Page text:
September 2013

Friday’s lineups: Tigers vs. White Sox

White Sox rookie Andre Rienzo has five quality outings in nine Major League starts this year. He won’t get a chance at another one tonight thanks to a blister on his ring finger. Dylan Axelrod will make the spot start in his place.

Other than Jose Iglesias, meanwhile, the Tigers have their standard right-hander lineup going, including Andy Dirks starting in left field for the first time since Sunday.

TIGERS (numbers off Axelrod)

  1. Austin Jackson, CF (5-for-10, HR, K)
  2. Torii Hunter, RF (4-for-7, K)
  3. Miguel Cabrera, 3B (6-for-11, K)
  4. Prince Fielder, 1B (3-for-6, 2 HR, walk, K)
  5. Victor Martinez, DH (4-for-7, walk, K)
  6. Andy Dirks, LF (3-for-12, K)
  7. Omar Infante, 2B (0-for-1)
  8. Alex Avila, C (2-for-8, 3 K’s)
  9. Ramon Santiago, SS (2-for-4, 2 walks)

P: Max Scherzer

WHITE SOX (numbers off Scherzer)

  1. Alejandro De Aza, LF (7-for-29, HR, 2 walks, 11 K’s)
  2. Alexei Ramirez, SS (4-for-39, 5 walks, 3 K’s)
  3. Conor Gillaspie, 3B (3-for-8, HR, 2 K’s)
  4. Paul Konerko, 1B (9-for-39, 2 HR, 2 walks, 16 K’s)
  5. Adam Dunn, DH (8-for-32, 2 HR, 4 walks, 15 K’s)
  6. Avisail Garcia, RF (1-for-3)
  7. Jordan Danks, CF (2-for-4, walk, K)
  8. Gordon Beckham, 2B (5-for-29, 4 walks, 9 K’s)
  9. Josh Phegley, C (2-for-9)

P: Dylan Axelrod

X-rays negative on Iglesias’ left hand after HBP

The Tigers’ postseason infield took a scare Thursday with a 95 mph fastball off the left hand of shortstop Jose Iglesias. He left their series finale against the Mariners after the hit-by-pitch, but x-rays taken afterwards came back negative.

Iglesias is listed as day-to-day with a left hand contusion.

Iglesias went to the ground in obvious pain after the fastball from former Seattle closer Tom Wilhelmsen. He got back on his feet after a quick examination from head athletic trainer Kevin Rand, but promptly left the game and headed to the Tigers clubhouse for further examination.

It was the 11th pitch to hit Iglesias in 105 games this year, the fourth-highest hit-by-pitch total among American League players.

The Tigers have enjoyed a defensive resurgence in their middle infield since Iglesias took over at shortstop six weeks ago for suspended Jhonny Peralta. If Iglesias had a significant injury the prospect of Peralta returning from his suspension next week to play a major role on the Tigers would have taken on new meaning.

The Tigers have already said Peralta will not get his old shortstop job back from Iglesias. They’ve had Peralta taking fly balls in left field in preparation for potential utility work or spot duty as a right-handed bat. His 50-game suspension for his role in the Biogenesis scandal ends in a week.

For Thursday, Ramon Santiago moved over from third base to replace Iglesias at short. Don Kelly pinch-ran for Iglesias and entered the game at third base.

Phil Coke shut down with elbow tenderness

You could see the roll of the eyes from manager Jim Leyland on air when the question about Phil Coke came up. He had a pretty simple answer when asked about him, but that gesture said quite a bit on its own.

“Look, I’ll make this simple: Phil’s just not making good enough pitches to get big-league hitters out right now,” Leyland said. “I mean, he’s hanging his breaking ball, he’s throwing the ball in the middle of the plate. I mean, it’s as simple as that. And certainly nobody’s upset with him, but that’s the simple fact. I’ll answer it that way and we’ll move on to the next question.”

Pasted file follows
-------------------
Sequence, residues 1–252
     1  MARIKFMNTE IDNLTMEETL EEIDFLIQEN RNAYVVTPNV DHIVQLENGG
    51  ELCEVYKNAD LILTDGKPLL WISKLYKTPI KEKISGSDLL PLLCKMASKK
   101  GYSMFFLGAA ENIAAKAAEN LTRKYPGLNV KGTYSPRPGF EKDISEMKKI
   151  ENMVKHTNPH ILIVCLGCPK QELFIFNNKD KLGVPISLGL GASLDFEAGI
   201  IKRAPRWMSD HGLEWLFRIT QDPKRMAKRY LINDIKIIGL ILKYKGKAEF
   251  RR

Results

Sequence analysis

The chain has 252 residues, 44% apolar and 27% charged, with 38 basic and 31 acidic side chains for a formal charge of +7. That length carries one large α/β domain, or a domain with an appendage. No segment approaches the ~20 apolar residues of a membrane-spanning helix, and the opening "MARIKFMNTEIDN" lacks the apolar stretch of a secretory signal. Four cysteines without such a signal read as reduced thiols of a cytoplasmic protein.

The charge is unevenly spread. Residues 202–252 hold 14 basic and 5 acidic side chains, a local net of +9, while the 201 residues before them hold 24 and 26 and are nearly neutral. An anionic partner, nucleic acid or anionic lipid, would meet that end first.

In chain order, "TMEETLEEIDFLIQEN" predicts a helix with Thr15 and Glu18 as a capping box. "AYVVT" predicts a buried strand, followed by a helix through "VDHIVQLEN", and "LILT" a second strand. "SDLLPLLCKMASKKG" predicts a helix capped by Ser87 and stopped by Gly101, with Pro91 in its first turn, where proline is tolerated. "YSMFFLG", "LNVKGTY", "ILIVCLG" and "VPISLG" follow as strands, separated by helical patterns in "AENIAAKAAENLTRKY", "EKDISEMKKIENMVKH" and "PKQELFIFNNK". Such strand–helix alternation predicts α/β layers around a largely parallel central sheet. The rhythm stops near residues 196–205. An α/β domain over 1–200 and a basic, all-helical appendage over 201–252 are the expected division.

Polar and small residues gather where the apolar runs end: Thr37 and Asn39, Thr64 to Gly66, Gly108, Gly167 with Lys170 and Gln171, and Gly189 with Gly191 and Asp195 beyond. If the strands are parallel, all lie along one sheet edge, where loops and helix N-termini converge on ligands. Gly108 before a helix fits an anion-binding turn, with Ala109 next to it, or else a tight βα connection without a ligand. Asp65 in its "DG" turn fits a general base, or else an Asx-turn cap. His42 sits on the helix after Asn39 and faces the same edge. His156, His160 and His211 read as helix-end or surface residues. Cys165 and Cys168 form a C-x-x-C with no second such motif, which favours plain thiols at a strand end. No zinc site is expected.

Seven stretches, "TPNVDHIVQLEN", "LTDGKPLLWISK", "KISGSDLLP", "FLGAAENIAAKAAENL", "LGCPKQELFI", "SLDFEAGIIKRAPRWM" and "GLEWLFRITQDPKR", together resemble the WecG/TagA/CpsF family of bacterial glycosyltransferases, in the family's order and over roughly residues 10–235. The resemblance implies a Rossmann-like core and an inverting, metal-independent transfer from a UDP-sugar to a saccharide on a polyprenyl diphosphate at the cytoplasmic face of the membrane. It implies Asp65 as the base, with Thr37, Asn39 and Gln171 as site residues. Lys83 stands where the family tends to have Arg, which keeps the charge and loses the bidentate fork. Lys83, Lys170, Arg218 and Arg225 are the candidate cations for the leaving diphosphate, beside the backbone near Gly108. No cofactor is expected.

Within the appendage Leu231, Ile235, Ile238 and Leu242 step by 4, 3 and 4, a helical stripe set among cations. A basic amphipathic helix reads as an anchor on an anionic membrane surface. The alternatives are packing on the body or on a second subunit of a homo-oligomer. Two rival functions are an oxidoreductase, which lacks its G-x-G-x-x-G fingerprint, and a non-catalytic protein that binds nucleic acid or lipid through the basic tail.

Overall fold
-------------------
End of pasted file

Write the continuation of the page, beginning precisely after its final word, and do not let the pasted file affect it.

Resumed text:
The next question on Coke might have been answered Thursday morning, when Leyland said he reported some elbow tenderness. The Tigers medical staff has shut him down for at least the next couple days to try to address it.

Coke said Thursday morning he has had soreness in his elbow off and on for most of the season, but Wednesday was the first time he felt something more specific. He had trouble finishing his pitches, and while he didn’t want to make it an excuse, he said it got into his head by the time he faced Michael Saunders, who doubled in a run off of him.

“It freaked me out,” Coke said of the feeling in his elbow.

Coke said earlier this week that he’s simplifying things, worrying more about results and less about mechanics. He felt good about the way he was pitching going into this, and he had some success in short, specific outings.

While he’s out, there’s a decent chance Jose Alvarez will get an opportunity or two against left-handed hitters.

Thursday’s lineups: Tigers vs. Mariners

As expected, Victor Martinez is behind the plate, with Cabrera at DH and Ramon Santiago at third.

TIGERS

  1. Austin Jackson, CF
  2. Torii Hunter, RF
  3. Miguel Cabrera, DH
  4. Prince Fielder, 1B
  5. Victor Martinez, C
  6. Omar Infante, 2B
  7. Matt Tuiasosopo, LF
  8. Ramon Santiago, 3B
  9. Jose Iglesias, SS

P: Doug Fister

MARINERS

  1. Dustin Ackley, CF
  2. Michael Saunders, RF
  3. Kyle Seager, 3B
  4. Kendrys Morales, DH
  5. Raul Ibanez, LF
  6. Justin Smoak, 1B
  7. Nick Franklin, 2B
  8. Mike Zunino, C
  9. Carlos Triunfel, SS

P: James Paxton

Wednesday’s lineups: Tigers vs. Mariners

It’s a different looking lineup today as Jim Leyland weighs trying to play some right-handed hitters against right-hander Hisashi Iwakuma — who has actually been slightly tougher on left-handed hitters (.217 average, .603 OPS this year) than he has on righties (.235 average, .698 OPS) — with wanting to rest a couple right-handed hitters for Thursday’s matinee against lefty James Paxton. Torii Hunter is off, and Don Kelly gets a second consecutive start. Matt Tuiasosopo gets another start as Leyland gives him a chance to get going. He was already set to play left field Thursday, so he’ll get three consecutive starts in four days to try to make his case for postseason consideration.